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Intro to CS – Honors I Class Types and Object References GEORGIOS PORTOKALIDIS

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Presentation on theme: "Intro to CS – Honors I Class Types and Object References GEORGIOS PORTOKALIDIS"— Presentation transcript:

1 Intro to CS – Honors I Class Types and Object References GEORGIOS PORTOKALIDIS

2 A Name and A Value Remember the Java primitive types ◦byte, short, int, long, float, double, boolean, char And class types ◦Like the class Dog we defined in previous lectures Declaring a variable of any type is always the same ◦TYPE VariableName1, VariableName2; But not all names are the same! Back to basics: What is a variable, what is its purpose? Where are data stored? How are data referenced/accessed? Variables are used to store data Data 2 Data 1 Data 3 Data 2 Data 1 Data 3 Data are stored in memory A1 A2 A3 Each piece of data has an address [] accesses the contents of an address

3 Primitive Data Types VariableName1 VariableName2 VariableName3 The names of primitive variables directly access the contents stored in them Data 2 Data 1 Data 3 A1 A2 A3 Memory

4 Object Class Data Types They are declared the same, but … VariableName1 VariableName2 VariableName3 The names of class variables can refer to an object or not Data 2 Data 1 Data 3 A1 A2 A3 Memory Not an object A variable’s data refer can refer to an object This variables are references to objects

5 What Does This Mean For Me? When you declare a variable of a class type ◦Example: Dog scooby; When you create a new object of type Dog ◦Example: new Dog(); When an object is assigned to variable ◦Example: scooby = new Dog(); scooby A1 Memory Data 1 A reference pointing nowhere A new object is created Object

6 Species klingonSpecies, earthSpecies; klingonSpecies.setSpecies("Klingon ox", 10, 15); earthSpecies.setSpecies("Black rhino", 11, 2); earthSpecies = klingonSpecies; earthSpecies.setSpecies("Elephant", 100, 12); System.out.println("earthSpecies:"); earthSpecies.writeOutput(); System.out.println("klingonSpecies:"); klingonSpecies.writeOutput(); - name: String - population: int - growthRate: double Species + setSpecies(String newName, int newPopulation, double newGrowthRate): void + getName(): String + getPopulation(): int + getGrowthRate( ): growthRate + writeOutput(): void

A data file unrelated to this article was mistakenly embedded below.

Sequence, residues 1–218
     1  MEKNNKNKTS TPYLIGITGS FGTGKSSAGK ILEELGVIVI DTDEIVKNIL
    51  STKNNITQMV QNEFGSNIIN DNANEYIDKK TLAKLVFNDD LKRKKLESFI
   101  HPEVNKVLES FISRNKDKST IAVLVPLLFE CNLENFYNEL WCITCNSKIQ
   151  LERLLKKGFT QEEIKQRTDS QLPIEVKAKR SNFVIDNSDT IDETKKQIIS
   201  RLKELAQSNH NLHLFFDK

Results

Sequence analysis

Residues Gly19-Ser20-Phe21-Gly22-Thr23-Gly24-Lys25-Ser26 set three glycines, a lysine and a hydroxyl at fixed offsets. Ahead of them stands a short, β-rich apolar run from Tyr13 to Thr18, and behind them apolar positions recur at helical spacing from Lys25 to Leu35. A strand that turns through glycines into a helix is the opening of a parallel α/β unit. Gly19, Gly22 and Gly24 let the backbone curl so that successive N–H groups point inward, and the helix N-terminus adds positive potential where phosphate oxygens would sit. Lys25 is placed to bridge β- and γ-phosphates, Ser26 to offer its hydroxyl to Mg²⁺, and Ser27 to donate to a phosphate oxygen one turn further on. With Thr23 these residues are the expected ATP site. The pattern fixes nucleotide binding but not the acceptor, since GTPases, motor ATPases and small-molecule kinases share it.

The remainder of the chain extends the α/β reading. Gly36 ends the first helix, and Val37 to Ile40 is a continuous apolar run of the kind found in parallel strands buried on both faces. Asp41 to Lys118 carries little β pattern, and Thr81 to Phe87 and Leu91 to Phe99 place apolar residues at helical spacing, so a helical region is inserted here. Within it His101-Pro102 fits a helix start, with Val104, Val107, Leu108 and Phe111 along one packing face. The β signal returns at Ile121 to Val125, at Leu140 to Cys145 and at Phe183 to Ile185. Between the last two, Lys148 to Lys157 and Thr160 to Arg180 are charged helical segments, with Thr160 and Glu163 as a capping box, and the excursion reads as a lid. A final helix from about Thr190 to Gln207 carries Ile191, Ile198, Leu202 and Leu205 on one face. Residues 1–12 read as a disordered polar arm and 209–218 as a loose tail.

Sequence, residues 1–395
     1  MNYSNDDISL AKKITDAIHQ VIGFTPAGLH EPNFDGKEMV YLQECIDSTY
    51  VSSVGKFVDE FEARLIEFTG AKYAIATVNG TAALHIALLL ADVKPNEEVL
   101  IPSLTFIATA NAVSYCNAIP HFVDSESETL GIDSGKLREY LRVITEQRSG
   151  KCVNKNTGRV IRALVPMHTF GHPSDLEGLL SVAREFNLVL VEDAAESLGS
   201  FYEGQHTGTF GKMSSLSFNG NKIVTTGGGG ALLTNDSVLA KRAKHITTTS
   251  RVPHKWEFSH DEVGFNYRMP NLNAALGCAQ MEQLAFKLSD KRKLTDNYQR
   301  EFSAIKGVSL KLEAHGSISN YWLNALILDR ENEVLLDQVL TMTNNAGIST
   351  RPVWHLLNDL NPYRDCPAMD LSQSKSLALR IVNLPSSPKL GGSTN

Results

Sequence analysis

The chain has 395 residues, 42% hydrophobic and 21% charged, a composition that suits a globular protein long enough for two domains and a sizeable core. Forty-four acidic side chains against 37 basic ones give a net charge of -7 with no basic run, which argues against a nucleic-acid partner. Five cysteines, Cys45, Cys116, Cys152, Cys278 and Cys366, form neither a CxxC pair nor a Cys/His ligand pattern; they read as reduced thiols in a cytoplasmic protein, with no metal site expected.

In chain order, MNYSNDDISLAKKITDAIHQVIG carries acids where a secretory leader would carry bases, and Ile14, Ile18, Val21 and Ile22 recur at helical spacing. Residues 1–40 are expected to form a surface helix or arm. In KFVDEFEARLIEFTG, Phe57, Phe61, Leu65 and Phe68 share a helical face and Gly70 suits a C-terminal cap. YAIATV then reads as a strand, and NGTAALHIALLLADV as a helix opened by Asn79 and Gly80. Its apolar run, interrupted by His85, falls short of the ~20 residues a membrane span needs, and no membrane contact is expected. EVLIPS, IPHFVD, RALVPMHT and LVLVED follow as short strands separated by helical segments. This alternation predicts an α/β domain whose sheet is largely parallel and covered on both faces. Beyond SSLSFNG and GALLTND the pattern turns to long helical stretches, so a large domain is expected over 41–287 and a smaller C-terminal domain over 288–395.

7 References So both variables klingonSpecies and earthSpecies store references to Species objects What does the == then do on references? klingonSpeciesearthSpecies Species object So class type variables essentially contain memory addresses The address is always called a reference in Java SpeciesFourthTry klingonSpecies = new SpeciesFourthTry(); SpeciesFourthTry earthSpecies = new SpeciesFourthTry(); klingonSpecies.setSpecies("Klingon ox", 10, 15); earthSpecies.setSpecies("Klingon ox", 10, 15); if (klingonSpecies == earthSpecies) System.out.println("They are EQUAL."); else System.out.println("They are NOT equal.");

8 Actually Comparing Two Objects How do we compare strings? You can define an equals() method public boolean equals(Species otherObject) { return (this.name.equalsIgnoreCase(otherObject.name)) && (this.population == otherObject.population) && (this.growthRate == otherObject.growthRate); } if (klingonSpecies.equals(earthSpecies)) System.out.println("They are EQUAL."); else System.out.println("They are NOT equal."); Always name the method testing for equality equals

9 Other Methods Returning boolean Use names that make sense in English when used with if..else statements, while loops, etc. public Boolean isExtinct() { return population == 0; } if (s1.isExtinct()) { // Yes, it’s extinct }

10 Class Types are Passed Using call-by-reference Defining method parameters of primitive types is equivalent to declaring a local variable public boolean equals(Species otherObject) { otherObject = new Species(); return (this.name.equalsIgnoreCase(otherObject.name)) && (this.population == otherObject.population) && (this.growthRate == otherObject.growthRate); }

11 Class Types are Passed Using call-by-reference Let’s introduce a new Species class method public boolean eatSpecies(Species unluckySpecies) { unluckySpecies.population = 0; this.growthRate += 5; } Species tyrannosaurus = new Species(), elephant = new Species(); tyrannosaurus.setSpecies(“Dinosaur", 10, 15); elephant.setSpecies(“Mamal", 11, 2); tyrannosaurs.eatSpecies(elephant); elephant.writeOutput(); Which object is updated? Why is this accessible?

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13 Lost Objects Species tyrannosaurus = new Species(), elephant = new Species(); tyrannosaurus.setSpecies(“Dinosaur", 10, 15); elephant.setSpecies(“Mamal", 11, 2); tyrannosaurus = elephant;

14 Unit Testing Testing our program with different inputs or even all possible inputs is good! ◦However not possible for larger programs Test smaller parts of your program/class individually ◦AKA Unit Testing Species testSpecies = new Species(); // Test the setSpecies method testSpecies.setSpecies("Tribbles", 100, 50); if (testSpecies.getName().equals("Tribbles") && (testSpecies.getPopulation() == 100) && (testSpecies.getGrowthRate() >= 49.99) && (testSpecies.getGrowthRate() <= 50.01)) { System.out.println("Pass: setSpecies test."); } else { System.out.println("FAIL: setSpecies test."); } Since getGrowthRate returns a double we should not attempt testSpecies. getGrowthRate() == 50

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